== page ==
No, that’s the whorehouse method. They tell them just what they want, you know? Give us a little bit of Roger Miller and a little bit of this and a little bit of that. That’s not the way the really great ones did it.

There’s the story of Willie and Merle walking around Nashville right when Kristofferson was exploding. Merle was depressed. Merle was saying, “It looks like Kris is the best songwriter in town right now.” And Willie says, “After you and me.” Which turned out to be about right. Kris is a great one, so I’m not subtracting from him in any way. In fact, I hear a little bit of early Kris in these songs and, like I said, a little Leonard Cohen. If I just heard them, I’d say that.

So, these songs are either divinely inspired or from another planet. I’m not sure. They’re definitely written not regarding any sort of commerciality whatsoever. Never asked the question, “Who would play this? Will they like it?” Never thought of that. Not one time.

Having written detective novels and other types of books over the years, is there a kind of different mindset you get in if you’re going to write songs versus a mystery or something funny or whatever?

Oh yeah. Writing a book is like a bad marriage. You stay with it. I stay with it. I keep a typewriter there and go back and forth to it until it’s done. Whereas songs really require inspiration. I’d say that “Jesus in Pajamas” is the first one in the Matlock group. And the Matlock thing is a lesson from Willie as a shrink kind of a thing. What he’s saying is that we all have a Matlock. Maybe yours is shooting up heroin, but that’s an obvious one. You’ve got to stop that, Bobby! But beyond that, there might be others that we don’t see. There’s something that is your Matlock, and if you turn it off, who knows what’ll result.

Kind of get off your butt and see what happens…

If you’re watching Matlock re-runs at 3 o’clock in the morning, it’s not a good sign.

It’s not like it’s The Andy Griffith Show and you might see The Dillards.

Andy Griffith is the greatest! He’s wonderful. But Willie was right about that, and he usually is. His goal is to get to the next town without slicing his wrist. That’s why I’m doing this Willie Nelson-style tour that does not take a break. It’s about 30 shows consecutively on the East Coast of our country, starting July 1 in Pittsburgh.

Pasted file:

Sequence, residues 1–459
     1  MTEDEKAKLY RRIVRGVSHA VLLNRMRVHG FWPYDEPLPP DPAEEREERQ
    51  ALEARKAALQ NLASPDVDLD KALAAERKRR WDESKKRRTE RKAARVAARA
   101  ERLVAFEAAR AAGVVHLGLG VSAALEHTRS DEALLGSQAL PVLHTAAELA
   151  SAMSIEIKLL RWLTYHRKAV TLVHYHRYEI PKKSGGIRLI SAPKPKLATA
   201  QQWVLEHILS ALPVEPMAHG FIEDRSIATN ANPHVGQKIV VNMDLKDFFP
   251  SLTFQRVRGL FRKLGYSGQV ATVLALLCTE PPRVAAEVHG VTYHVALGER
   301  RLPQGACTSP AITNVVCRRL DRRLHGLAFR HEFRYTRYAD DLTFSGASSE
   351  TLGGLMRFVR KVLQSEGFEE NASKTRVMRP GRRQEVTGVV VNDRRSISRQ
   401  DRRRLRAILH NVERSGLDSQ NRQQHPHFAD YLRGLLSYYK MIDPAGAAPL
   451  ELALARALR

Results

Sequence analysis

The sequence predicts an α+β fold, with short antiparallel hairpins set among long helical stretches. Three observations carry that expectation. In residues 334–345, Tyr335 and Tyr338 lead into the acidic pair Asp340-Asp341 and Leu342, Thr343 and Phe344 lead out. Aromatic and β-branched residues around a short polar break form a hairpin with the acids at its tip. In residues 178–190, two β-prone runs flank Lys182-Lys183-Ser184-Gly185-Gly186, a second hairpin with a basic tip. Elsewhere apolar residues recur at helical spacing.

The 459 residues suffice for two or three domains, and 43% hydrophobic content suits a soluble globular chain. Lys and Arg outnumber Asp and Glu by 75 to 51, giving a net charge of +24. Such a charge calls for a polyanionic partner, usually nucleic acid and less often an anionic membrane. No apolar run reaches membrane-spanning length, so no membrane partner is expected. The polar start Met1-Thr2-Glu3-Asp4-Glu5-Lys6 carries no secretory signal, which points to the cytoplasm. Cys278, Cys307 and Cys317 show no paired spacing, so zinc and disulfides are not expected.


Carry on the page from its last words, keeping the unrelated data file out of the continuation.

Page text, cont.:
When you see some of the young artists like Margo Price or Joshua Hedley or  others who are more independently-minded, are you inspired by that? Do you feel like you did a good job in maybe letting them know in your own way that you don’t have to worry about, you know, being on a big label or being on the radio or being at the awards shows—not that those are bad things?

They are bad things. The award thing is pure politics. Almost never does the guy who should’ve got the award get the award, but that’s been the way it is.

Chuck Glaser, Tompall’s brother who produced my first record Sold American here in 1973, told me that once you record it, you never know who’s going to hear it. That’s when the Nelson Mandela incident happened. It wasn’t an incident. It stretched over several years, with Mandela playing this song “Ride ‘Em Jewboy” on a smuggled tape cassette in his prison cell on Robben Island. When I learned a little more about that, I was in South Africa on a book tour for God Bless John Wayne, and I was just thinking this is a much bigger thing than being nominated for a Grammy. This is a real award that I got by virtue of country music.

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Premiere: Kinky Friedman Talks Willie Nelson and Nelson Mandela, Unveils ‘Spitfire’